I kicked back against Hornblower’s depressive excesses. He never really accepts that actually he’s quite good and his self-pity becomes actively annoying to the reader. Thus by the end of the story Gilmore has good reason to believe he’s actually quite good at what he does.

Never assume an author is putting himself into his characters, but Gilmore’s lack of self-belief certainly mirrored part of my own personality. I began to write His Majesty’s Starship in 1993; I was still in my late twenties and had no idea what the future might hold. I had no idea if I would ever be called upon to lead a large body of people, or even a small one. I did know I didn’t fancy the idea in the slightest because I had no confidence that I could. And so far in my life, I’ve managed to remain a lone wolf.
And the required jump to a Trek-type universe by the end? Okay, I begged the question here: aliens, already technologically advanced, come to Earth with an invitation to the human race to help them develop a world they have available. I called them the First Breed, for reasons which become apparent; the humans nickname them the Rusties. When someone in my writers group said ‘First Breed’ sounded vaguely threatening, hinting at ideas of racial supremacy, I knew I was doing this right.

It took a while to finalise their physical form. At first I played around with all kinds of shapes in my mind but they all came back to the ‘man in a rubber suit’ syndrome; I could take them about as seriously as I could take Trek’s alien of the week. I certainly wasn’t thinking of them as non-human. Then I remembered the Hefn of Judith Moffett’s wonderful (and underrated) Ragged World (tales of the Hefn on Earth – geddit?) series, who are as at home on four feet as they are on two. I put the Rusties on all fours and, voila, aliens!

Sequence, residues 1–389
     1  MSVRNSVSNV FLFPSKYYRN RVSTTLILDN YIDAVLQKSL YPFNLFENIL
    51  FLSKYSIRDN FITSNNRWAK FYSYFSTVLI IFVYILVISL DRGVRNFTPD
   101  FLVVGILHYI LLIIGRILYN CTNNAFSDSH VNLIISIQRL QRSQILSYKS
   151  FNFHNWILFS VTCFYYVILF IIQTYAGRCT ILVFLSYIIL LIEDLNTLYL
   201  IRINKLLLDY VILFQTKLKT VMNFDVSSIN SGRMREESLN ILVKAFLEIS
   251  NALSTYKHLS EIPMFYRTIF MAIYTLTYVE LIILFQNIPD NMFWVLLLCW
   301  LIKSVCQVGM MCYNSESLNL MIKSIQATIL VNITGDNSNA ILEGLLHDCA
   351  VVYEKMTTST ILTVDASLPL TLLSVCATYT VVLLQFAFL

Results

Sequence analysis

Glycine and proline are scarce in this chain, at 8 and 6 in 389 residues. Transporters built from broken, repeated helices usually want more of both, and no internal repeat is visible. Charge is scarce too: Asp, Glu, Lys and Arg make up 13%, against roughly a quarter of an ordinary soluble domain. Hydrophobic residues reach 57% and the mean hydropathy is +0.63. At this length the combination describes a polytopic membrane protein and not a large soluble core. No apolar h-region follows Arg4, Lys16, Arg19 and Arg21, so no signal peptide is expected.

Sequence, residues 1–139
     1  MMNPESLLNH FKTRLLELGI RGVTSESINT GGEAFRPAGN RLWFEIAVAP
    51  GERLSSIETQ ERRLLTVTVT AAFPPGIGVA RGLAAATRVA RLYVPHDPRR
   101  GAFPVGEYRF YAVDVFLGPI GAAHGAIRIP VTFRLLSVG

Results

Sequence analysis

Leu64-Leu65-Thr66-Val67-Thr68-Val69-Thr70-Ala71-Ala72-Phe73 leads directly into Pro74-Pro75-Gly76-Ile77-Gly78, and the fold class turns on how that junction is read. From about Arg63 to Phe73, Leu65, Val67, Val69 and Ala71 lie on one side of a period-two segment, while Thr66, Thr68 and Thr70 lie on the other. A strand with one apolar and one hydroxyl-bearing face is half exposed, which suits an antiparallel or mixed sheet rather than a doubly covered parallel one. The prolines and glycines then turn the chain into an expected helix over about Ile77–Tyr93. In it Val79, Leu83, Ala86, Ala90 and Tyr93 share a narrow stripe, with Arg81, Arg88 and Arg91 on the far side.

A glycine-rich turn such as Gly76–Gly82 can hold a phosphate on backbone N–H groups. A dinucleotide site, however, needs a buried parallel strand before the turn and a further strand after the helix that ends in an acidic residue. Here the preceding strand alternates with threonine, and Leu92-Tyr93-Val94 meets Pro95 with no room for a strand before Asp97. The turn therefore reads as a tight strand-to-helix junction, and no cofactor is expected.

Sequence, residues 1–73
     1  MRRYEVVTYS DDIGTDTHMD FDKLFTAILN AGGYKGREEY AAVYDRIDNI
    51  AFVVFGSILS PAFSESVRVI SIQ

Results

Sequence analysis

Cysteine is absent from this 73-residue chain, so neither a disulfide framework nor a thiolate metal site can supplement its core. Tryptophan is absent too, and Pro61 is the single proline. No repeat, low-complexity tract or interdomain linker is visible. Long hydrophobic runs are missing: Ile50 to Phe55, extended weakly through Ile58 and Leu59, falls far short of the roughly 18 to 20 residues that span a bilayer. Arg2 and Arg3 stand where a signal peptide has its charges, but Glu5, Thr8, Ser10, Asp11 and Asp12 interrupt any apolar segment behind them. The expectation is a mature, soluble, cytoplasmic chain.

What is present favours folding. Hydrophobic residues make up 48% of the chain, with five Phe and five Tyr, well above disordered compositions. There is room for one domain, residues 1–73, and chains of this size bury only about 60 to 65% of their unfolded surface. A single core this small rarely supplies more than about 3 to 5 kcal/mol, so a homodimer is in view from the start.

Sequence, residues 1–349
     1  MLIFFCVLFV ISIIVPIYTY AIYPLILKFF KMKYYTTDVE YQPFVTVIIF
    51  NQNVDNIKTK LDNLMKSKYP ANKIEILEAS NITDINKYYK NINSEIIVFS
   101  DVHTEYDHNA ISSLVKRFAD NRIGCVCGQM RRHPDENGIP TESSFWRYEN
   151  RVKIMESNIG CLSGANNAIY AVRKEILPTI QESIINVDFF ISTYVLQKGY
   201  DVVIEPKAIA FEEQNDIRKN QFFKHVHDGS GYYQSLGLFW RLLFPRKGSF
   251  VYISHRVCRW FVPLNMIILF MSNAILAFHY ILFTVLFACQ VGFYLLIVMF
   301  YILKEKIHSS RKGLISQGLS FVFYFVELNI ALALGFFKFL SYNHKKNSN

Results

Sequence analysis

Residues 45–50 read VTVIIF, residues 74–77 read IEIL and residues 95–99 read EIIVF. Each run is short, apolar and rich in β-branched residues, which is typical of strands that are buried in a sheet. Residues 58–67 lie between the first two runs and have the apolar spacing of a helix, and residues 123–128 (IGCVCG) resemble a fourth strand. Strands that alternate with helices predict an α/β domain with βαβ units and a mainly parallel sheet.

This also helped me right a grievous wrong that was perpetrated upon science fiction in the early nineties. There was an especially irritating story in Asimov’s called ‘The Nutcracker Coup’. Quite apart from being nauseously cute and upholding the right of all decent Americans to interfere in the affairs of less developed planets if they find the culture un-American or even if they are just plain bored, it featured a four legged intelligent race which – and I gaped with astonishment when I read it – still carried things about in its front legs, so that if one of them was holding a gun on you, say, it hobbled along on three legs while it kept you covered. An interesting take on evolutionary theory, I thought. How would these creatures ever invent the gun? Or any human-type tool that effectively disabled an entire limb if it was going to be used?